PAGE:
I haven’t written anything in this blog because, well, nothing has happened. I thought I’d be filling it up with state Reading Bowl competition, Katy’s trip to Washington DC, some Girl Scout camping trips and a night at Hamilton. Well, none of that is happening. Also, I’ve been keeping a written journal in a notebook. I figured that will last long after technology changes, websites go out of business and you lose everything (I am planning on somehow printing out my blog) and there’s just something personal about handwritten things.
The other night I noticed the candlestick holder that my great-grandmother (Big Ma) bought at the World’s Fair in St. Louis. Then it occurred to me, that fair was in 1904. The Spanish flu pandemic was 1918-1920. Big Ma lived through that. In 1918 she was married, had my granddad in February and turned 21 sometime that year. I don’t know when her birthday was. She married Tom Knight and he died in 1968 when my mother was pregnant with me. Big Ma died in 1987at the age of 90 (and smoked for about 70 of those years), I was a freshman in college. I wasn’t able to go to the funeral. I remember visiting her while growing up. She lived in an old-fashioned type of mobile home out in the country. You walked in the front door into the living room, the kitchen was on the right. There was a hall down the left from living room with bathroom, laundry room and two bedrooms all lined up. If my brother and I got too rambunctious the house shook a little. Big Ma usually had a paper grocery bag full of toys for each of us and there was always a big bucket of fried chicken, usually from Kentucky Fried Chicken. If she didn’t already have it, we went to pick it up. I never knew about her childhood. I never knew about my granddad’s, either. I know they were really poor and lived on a farm. My mother’s whole family is not much on talking about the past, my dad’s family is a bunch of storytellers. And being a child and even teenager it never occurred to ask about the things she lived through. So I wonder what her experience was living, being newly married and raising a baby during the Spanish flu and what advice she might have.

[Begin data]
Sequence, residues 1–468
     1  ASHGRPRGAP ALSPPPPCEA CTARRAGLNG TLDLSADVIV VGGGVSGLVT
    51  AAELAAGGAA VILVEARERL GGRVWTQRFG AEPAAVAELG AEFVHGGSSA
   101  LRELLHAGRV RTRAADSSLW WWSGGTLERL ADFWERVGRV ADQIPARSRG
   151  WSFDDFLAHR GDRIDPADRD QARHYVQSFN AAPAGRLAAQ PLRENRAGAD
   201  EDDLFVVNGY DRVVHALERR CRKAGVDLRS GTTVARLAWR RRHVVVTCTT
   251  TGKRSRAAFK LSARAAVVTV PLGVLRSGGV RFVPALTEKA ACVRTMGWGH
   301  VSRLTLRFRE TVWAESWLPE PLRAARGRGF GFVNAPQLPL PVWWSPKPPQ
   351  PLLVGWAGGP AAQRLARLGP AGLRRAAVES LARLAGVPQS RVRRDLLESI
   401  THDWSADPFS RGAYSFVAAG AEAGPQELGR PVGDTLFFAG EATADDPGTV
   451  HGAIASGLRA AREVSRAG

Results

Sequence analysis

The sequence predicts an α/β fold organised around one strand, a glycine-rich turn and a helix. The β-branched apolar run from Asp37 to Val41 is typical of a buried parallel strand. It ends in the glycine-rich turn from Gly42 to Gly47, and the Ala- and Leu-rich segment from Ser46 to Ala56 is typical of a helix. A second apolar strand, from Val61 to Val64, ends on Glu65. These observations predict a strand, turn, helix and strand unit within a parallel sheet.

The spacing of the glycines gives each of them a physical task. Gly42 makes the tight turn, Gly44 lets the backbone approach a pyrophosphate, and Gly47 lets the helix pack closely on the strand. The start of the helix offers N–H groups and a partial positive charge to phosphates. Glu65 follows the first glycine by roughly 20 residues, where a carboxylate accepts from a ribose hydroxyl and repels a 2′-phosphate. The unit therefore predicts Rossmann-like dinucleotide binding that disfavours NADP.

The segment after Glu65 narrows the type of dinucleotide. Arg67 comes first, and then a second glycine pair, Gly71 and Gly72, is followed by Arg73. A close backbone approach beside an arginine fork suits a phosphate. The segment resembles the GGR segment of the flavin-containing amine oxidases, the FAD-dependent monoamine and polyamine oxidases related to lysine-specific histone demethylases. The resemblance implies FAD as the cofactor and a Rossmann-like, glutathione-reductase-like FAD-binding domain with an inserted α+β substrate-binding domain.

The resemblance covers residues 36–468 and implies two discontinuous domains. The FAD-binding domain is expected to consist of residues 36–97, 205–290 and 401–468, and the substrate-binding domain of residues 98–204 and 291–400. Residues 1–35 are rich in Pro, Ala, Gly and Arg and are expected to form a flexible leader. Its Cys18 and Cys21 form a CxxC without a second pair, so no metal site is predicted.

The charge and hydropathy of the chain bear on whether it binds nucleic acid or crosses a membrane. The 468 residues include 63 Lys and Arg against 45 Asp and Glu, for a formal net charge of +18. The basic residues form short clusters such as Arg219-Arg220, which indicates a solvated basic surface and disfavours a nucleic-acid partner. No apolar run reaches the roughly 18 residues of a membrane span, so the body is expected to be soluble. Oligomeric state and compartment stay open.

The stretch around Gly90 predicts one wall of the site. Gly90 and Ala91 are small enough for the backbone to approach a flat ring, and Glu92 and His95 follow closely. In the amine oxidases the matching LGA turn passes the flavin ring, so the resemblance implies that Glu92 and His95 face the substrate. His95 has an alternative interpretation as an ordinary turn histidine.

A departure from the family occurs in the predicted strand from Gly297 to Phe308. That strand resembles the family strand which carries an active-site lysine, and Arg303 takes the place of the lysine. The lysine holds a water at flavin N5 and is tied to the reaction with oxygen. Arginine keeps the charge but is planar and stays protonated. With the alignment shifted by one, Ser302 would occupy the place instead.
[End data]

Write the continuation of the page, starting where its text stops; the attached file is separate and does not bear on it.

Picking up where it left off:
And last week I read about a 102-year-old WWII veteran who contracted Covid-19 and survived. He was born in 1918 toward the beginning of the Spanish flu. What a way to bookend (sort of) your life. I wonder if his mother was nervous having a baby at that time.
I thought about some of the parallels between then and now.
One thing I thought about as I was leafing through the paper (yes, we still get an actual newspaper thrown in the driveway every day) is that for all the deaths we’ve had there hasn’t really been that many more obituaries. But a lot of people don’t do printed obits, they are expensive and not the “modern” thing. Now everyone puts them online where people can leave condolences for them. Between the lack of printed obituaries and a growing trend toward cremation without putting the ashes in a mausoleum with a marker, we aren’t leaving any kind of a historical record for the future. Then yesterday there were two full pages of obits and the list of names did seem longer than usual.